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JUSTICE Woman Worldwide gets 6.5/10


Woman Worldwide
Ed Banger/Because Music/Caroline


Woman Worldwide is the latest drop from Parisian electro-house duo Justice, offering a collection of reinvented studio recordings based on live versions from their discography.

Justice are known for mesmerising and visually astounding live performances so hearing they’ve attempted to package that whole atmosphere and experience into audio form, you can’t help but be intrigued.

Live shows are generally built on a foundation of hit songs, select new stuff and the odd cover or remix. Add to that typical live interference like distortion, crowd noise and even the odd audio mishap; this is what Justice have tried to recreate with Woman Worldwide, something that captured a live show, but minus the interference.

Woman Worldwide is a selection of past jams predominantly from 2016’s Woman, plus tasters from 2007’s and 2011’s Audio, Video, Disco, all seamlessly tethered to adjacent tracks. Their killer 2006 remix of Simian’s Never Be Alone (renamed We Are Your Friends) also makes a welcomed addition. Except for a few remixes, there’s nothing particularly new and despite songs being reworked, it largely just feels like a compilation album.

Although early releases Chorus (WWW), Randy (WWW) and D.A.N.C.E. x Fire x Safe and Sound (WWW) are quite different to their originals, they are the exceptions on Woman Worldwide. Too many tracks just sound too similar to originals, leaving them a little stale. They’ve certainly tweaked some more than others but whether it’s enough to justify the album is the question. Tracks like opener Safe and Sound (WWW), Stop (WWW) and Love S.O.S. (WWW) don’t seem to differ or feel any fresher, nor sound any more live, than originals, leaving you wondering if Woman Worldwide was actually worth it.

Combination remixes such as Heavy Metal x DVNO (WWW) and Alakazam ! x Fire (WWW) seem little more than a short version of one playing, albeit seamlessly, into the next. Despite this, they’re still classic Justice bangers and you can’t deny snips like intros in Genesis x Phantom (WWW), Stress (WWW) and Randy (WWW), or the drop in Chorus (WWW) aren’t bloody awesome.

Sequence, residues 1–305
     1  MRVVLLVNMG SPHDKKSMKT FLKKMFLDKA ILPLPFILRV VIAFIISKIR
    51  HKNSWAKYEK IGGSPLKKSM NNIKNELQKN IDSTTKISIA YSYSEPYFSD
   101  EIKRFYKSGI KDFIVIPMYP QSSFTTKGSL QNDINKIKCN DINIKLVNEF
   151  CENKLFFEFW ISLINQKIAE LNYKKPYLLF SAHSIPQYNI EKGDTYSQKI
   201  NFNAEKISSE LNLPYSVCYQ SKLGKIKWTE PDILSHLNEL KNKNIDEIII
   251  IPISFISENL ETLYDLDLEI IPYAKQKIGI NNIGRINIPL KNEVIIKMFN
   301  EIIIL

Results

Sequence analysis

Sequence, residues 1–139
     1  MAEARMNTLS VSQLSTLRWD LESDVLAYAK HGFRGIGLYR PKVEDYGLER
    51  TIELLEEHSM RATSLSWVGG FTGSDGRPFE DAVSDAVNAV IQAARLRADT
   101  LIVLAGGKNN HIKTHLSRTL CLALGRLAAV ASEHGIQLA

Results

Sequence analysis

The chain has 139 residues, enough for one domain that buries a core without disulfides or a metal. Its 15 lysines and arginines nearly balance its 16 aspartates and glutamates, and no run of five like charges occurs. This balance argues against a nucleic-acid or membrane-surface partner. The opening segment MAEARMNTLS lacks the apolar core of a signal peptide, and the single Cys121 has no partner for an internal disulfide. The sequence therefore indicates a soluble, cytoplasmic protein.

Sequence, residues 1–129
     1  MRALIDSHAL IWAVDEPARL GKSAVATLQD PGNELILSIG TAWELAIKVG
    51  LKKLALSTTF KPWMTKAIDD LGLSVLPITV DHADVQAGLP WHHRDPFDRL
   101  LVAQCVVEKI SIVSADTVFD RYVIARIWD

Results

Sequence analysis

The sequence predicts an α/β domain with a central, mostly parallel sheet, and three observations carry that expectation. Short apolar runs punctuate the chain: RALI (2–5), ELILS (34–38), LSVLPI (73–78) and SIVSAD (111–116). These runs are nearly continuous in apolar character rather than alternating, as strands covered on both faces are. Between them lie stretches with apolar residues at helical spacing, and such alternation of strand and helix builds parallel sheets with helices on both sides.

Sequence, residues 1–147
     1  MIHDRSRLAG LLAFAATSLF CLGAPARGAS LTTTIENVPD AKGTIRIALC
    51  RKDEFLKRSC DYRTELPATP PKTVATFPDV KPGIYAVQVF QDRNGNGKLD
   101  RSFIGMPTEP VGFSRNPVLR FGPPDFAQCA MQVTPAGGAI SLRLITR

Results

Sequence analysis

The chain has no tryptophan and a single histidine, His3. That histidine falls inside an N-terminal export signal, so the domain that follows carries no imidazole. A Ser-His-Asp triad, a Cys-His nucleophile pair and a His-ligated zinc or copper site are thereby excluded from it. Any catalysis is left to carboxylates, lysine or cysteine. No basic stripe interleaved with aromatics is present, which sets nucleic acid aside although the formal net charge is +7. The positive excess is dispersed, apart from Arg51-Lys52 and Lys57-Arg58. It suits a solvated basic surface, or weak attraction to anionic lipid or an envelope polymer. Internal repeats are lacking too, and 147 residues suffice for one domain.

Only in Genesis x Phantom (WWW) and D.A.N.C.E. x Fire x Safe and Sound (WWW) does the live style mashup really kick in, while Stress (WWW), Chorus (WWW) and Randy (WWW) get a sweet industrial adjustment, and a cowbell to boot in the latter. It’s the spontaneity of these tracks that catches you off guard and gives Woman Worldwide some of that live energy, while also adding some new-ish sounding tracks to the album.

Like live shows, the best comes later with Waters of Nazareth x We Are your Friends x Phantom 2 (WWW), Chorus (WWW) and encore closer D.A.N.C.E. x Fire x Safe and Sound (WWW) all occurring towards the 15-tracker’s end. Each gets a bass and tempo injection, morphing them into undeniable dancefloor bangers.

Overall, it’s a good album but feels a little underwhelming in parts, and it seems there’s more to creating a great live atmosphere and experience than just the music. Without that visual experience, and possibly even that interference too, it’s hard to appreciate Woman Worldwide as something new because it isn’t. There’s just not enough to ignite the flame within.

They’ve succeeded in creating a neat album but has justice been delivered in Woman Worldwide? Unfortunately, not. If you’re after a best of style compilation, Woman Worldwide offers a well-crafted selection of Justice’s best that’ll give you the fix you’re looking for, otherwise it’ll ultimately leave you wondering if it was worth it.


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